Article courtesy of Newsmax via “The Rundown”
Many say they have gone to hospital managers, seeking training on how to best care for patients and protect themselves and their families from contracting the deadly disease, which has so far killed at least 3,338 people in the deadliest outbreak on record.
The U.S. Centers for Disease Control and Prevention has repeatedly said that U.S. hospitals are prepared to handle such patients. Many infectious disease experts agree with that assessment.
Dr. Edward Goodman, an infectious disease doctor at Texas Health Presbyterian Hospital in Dallas that is now caring for the first Ebola patient to be diagnosed in this country, believed his hospital was ready.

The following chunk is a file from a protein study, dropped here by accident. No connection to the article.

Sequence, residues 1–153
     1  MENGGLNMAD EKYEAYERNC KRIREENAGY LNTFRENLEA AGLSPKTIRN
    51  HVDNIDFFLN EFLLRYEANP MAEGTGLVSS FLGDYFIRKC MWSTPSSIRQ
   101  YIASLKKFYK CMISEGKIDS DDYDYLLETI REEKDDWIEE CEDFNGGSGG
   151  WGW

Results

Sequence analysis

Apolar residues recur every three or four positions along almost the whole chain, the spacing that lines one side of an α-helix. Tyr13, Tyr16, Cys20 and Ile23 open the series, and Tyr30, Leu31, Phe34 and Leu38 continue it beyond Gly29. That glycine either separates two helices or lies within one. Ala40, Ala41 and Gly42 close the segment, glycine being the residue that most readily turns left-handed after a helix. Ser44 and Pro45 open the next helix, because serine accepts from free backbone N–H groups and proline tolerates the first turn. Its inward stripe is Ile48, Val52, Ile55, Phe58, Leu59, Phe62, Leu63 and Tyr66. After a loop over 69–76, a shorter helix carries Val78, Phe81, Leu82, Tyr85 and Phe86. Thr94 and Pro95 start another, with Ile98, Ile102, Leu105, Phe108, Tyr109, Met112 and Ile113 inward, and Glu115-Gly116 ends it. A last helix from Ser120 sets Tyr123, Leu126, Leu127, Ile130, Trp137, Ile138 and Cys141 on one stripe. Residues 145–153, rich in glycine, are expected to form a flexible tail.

The hospital had completed Ebola training just before Thomas Eric Duncan arrived in their emergency department on Sept. 26. But despite being told that Duncan had recently traveled from Liberia, hospital staff failed to recognize the Ebola risk and sent him home, where he spent another two days becoming sicker and more infectious.
“The Texas case is a perfect example,” said Micker Samios, a triage nurse in the emergency department at Medstar Washington Hospital Center, the largest hospital in the nation’s capital.
“In addition to not being prepared, there was a flaw in diagnostics as well as communication,” Samios said
Nurses argue that inadequate preparation could increase the chances of spreading Ebola if hospital staff fail to recognize a patient coming through their doors, or if personnel are not informed about how to properly protect themselves.
At Medstar, the issue of Ebola training came up at the bargaining table during contract negotiations.
“A lot of staff feel they aren’t adequately trained,” said Samios, whose job is to greet patients in the emergency department and do an initial assessment of their condition.